Position: Full sun /part shade / dappled shade. Soil and water: Water infrequently in the ground. Avoid watering in mid to late summer to avoid rot and collapse. Water regularly in a pot or when soil is dry.
Keeping this in view, do aeoniums like sun or shade?
Aeoniums can be grown outdoors in zones 9 to 11 and, although they will tolerate partial shade, need at least six hours of full sun a day to develop their leaf colors. Indoors in pots Aeoniums need bright sunlight and moisture and do best in shallow containers.
In this regard, can aeonium survive winter?
Winter is the growing season for these succulents. However, they can’t stand frost or cold weather. If you live in such a place, keep your aeoniums indoors. On the other hand, aeoniums can survive droughts because of their unique way of storing water inside the leaves.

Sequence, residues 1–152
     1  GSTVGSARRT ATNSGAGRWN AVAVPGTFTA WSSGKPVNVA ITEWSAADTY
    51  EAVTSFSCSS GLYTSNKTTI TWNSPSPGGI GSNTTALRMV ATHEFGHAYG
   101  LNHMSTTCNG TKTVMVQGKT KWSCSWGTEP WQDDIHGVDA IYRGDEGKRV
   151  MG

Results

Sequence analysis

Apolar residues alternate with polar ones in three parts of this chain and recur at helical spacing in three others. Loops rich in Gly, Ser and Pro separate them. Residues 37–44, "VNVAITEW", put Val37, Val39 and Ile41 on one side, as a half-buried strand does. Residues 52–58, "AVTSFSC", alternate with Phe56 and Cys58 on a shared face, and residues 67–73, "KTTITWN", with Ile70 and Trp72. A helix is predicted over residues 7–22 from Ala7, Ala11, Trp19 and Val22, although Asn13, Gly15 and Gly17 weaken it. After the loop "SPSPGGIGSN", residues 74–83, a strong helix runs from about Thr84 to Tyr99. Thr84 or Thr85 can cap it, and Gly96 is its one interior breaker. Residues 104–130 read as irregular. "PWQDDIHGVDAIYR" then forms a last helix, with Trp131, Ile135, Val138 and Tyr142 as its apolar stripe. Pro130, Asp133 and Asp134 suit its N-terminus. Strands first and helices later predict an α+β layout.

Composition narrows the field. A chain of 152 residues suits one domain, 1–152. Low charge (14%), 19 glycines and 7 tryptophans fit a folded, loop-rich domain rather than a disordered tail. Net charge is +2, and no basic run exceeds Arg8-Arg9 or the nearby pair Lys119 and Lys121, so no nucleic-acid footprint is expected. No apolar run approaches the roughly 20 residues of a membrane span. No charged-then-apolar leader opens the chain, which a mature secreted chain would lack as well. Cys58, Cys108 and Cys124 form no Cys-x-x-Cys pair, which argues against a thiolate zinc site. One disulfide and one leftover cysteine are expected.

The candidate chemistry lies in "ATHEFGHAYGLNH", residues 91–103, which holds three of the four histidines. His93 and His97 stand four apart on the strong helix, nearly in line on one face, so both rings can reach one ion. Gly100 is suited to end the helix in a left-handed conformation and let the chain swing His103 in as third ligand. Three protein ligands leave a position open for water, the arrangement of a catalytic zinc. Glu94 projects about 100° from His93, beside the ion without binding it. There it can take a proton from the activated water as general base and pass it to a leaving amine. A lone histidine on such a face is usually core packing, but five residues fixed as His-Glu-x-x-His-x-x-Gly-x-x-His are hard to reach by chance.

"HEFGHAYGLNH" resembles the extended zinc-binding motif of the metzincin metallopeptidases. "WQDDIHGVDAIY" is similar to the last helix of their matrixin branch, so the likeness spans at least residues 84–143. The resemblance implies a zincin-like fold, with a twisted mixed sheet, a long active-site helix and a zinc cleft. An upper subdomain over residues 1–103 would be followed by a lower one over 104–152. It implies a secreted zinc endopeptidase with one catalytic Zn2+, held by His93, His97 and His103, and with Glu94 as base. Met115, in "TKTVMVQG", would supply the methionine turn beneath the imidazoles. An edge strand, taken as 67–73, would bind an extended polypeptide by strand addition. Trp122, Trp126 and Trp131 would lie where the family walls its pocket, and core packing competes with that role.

How do you care for aeonium lily pads?
They need bright sunlight, great drainage, and infrequent water to prevent rot. Pick containers with drainage holes and use well-draining cactus and succulent soil with 50% to 70% mineral grit such as coarse sand, pumice, or perlite.
When succulents are indoors it’s often hard for them to get enough sunlight. Outdoors they generally need about 6 hours of bright, indirect sunlight each day. However, indoors, you’ll want to place your succulents near a window that gets light all day.
Aeoniums are most commonly known for their striking rosettes made up of dense, waxy leaves growing out of a single stem. Stems can be long and branched-out or short and stubby. A unique feature of aeoniums is the way they grow and branch out. They reproduce and form offsets from a single flowerhead.
They can also be grown outdoors in summer, in a pot with summer bedding plants or in a sunny, well-drained border. The main growing season for aeoniums is spring and autumn, when the temperature and light levels are perfect for their growth.
You should only water your Aeoniums when the top layer of soil feels pretty dry. You’ll probably end up watering them about once a week. During the summer months, when they’re dormant, you should cut back on the water. Watering them once a month should be enough during the summer.